New Computer Banner Balances Security, Privacy Considerations
By Donna Miles
American Forces Press Service
WASHINGTON, June 6, 2008 A new notice on Defense Department computer screens ensures users understand that their e-mails are subject to monitoring, but also reinforces specific user privacy and confidentiality protections, a senior defense official said.
The new language represents the first change since 1997 to the “notice and consent” banner that appears each time a user logs onto a Defense Department network or information system. Similar changes were made to DoD’s information system user agreement.
While clarifying the scope of the Defense Department’s authorized monitoring of its networks and information systems, the revised language preserves the privacy and confidentiality of certain types of privileged communications, according to John G. Grimes, the department’s chief information officer.
“These changes to the banner and user agreement language help clarify the user's understanding of the broad nature of DoD's authorized monitoring practices, while simultaneously reaffirming DoD's commitment to respecting and protecting important private and confidential communications that are guaranteed for its personnel,” Grimes said.
“Privileged” communications between Defense Department users and their attorneys, clergy or psychotherapists receive additional protections against monitoring.
“Although DoD has a long history of respecting such privileged relationships, the previous banner language did not expressly identify this protection for the user,” Grimes said. “For the first time ever, the DoD banner and user agreement now specifically addresses these important protections.”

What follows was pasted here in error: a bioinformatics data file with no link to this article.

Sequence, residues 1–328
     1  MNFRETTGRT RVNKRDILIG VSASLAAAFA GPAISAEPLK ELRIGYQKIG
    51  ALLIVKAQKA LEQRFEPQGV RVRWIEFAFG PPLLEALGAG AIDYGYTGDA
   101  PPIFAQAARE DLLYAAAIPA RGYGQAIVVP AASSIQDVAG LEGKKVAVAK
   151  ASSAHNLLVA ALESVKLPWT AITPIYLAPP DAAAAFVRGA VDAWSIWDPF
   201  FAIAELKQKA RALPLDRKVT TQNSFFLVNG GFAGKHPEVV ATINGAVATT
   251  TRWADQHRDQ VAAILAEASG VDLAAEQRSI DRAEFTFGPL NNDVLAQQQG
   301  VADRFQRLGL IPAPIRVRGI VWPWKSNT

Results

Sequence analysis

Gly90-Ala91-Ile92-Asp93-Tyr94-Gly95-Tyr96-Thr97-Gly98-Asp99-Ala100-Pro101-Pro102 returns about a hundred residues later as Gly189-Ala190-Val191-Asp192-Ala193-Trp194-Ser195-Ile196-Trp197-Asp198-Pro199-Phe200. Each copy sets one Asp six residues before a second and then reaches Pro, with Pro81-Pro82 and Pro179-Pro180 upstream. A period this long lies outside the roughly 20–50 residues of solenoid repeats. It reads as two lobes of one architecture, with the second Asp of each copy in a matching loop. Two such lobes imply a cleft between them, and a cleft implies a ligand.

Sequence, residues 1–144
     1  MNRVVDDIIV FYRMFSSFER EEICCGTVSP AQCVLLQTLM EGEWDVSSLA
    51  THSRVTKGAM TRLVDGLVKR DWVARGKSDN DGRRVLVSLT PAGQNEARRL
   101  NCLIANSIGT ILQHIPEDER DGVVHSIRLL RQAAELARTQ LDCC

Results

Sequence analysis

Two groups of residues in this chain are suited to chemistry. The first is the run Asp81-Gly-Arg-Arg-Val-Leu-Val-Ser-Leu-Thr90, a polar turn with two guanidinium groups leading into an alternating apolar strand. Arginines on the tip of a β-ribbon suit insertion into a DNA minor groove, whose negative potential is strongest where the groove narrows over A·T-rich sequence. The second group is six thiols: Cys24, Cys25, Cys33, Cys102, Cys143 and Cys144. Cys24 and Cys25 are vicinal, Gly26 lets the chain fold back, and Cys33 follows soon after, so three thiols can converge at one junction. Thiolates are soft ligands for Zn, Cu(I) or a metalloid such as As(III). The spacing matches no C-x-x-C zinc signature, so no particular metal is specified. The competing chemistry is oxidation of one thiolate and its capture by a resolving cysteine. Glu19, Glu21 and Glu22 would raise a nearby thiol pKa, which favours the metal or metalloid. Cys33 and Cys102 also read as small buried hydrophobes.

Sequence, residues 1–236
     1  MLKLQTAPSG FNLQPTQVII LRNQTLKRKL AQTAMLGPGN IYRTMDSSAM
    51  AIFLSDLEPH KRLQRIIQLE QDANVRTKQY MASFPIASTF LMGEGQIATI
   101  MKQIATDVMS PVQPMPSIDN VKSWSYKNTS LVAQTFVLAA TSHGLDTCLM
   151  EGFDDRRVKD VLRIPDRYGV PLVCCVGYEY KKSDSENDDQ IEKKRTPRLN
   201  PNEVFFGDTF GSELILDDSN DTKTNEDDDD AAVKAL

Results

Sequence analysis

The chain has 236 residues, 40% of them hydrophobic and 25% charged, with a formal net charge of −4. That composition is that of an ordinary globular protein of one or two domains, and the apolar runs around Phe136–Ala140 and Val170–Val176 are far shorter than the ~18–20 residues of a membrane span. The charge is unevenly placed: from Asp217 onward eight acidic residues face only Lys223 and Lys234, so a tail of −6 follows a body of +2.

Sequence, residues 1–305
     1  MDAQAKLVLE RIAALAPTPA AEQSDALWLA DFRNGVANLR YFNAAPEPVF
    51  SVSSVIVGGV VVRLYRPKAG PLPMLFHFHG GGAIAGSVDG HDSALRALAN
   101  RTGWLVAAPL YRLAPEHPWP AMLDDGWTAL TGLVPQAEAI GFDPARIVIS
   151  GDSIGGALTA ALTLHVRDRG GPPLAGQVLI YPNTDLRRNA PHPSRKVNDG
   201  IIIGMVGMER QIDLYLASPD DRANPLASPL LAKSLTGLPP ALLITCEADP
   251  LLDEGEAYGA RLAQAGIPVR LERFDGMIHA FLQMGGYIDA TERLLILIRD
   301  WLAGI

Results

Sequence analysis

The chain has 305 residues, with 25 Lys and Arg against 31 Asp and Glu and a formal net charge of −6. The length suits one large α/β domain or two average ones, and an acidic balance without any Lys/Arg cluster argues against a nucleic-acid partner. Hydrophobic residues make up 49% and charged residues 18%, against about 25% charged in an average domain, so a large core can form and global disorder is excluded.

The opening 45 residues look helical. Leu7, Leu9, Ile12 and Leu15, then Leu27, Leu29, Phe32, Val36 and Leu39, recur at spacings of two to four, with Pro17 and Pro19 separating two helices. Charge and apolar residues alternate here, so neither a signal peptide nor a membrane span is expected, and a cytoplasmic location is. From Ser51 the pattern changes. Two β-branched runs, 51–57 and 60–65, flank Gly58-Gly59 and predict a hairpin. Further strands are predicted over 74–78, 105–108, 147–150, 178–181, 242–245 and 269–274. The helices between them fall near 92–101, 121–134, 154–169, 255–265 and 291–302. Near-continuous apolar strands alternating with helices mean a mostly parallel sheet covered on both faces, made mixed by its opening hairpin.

The new banner notifies users that their systems may be monitored for purposes including “penetration testing, COMSEC (communications security) monitoring, network defense, quality control, and employee misconduct, law enforcement and counterintelligence investigations.”
It also includes a paragraph clarifying that passwords, access cards, encryption and biometric access controls are used to provide security for the benefit of the government – not to provide personal privacy to employees.
A shorter notice will appear on government BlackBerry devices and other personal digital assistants and personal electronic devices.
Grimes emphasized that the new language clarifies longstanding DoD policy and practice. The revised banner will ensure all users of government computer systems understand the limited privacy protections, officials said.
Defense Department officials said monitoring is critical in ensuring government systems aren’t compromised by viruses or hackers, and to identify threats as early as possible. “In order to protect DoD information systems, DoD needs to be able to monitor all traffic flowing through and across DoD systems,” an official said.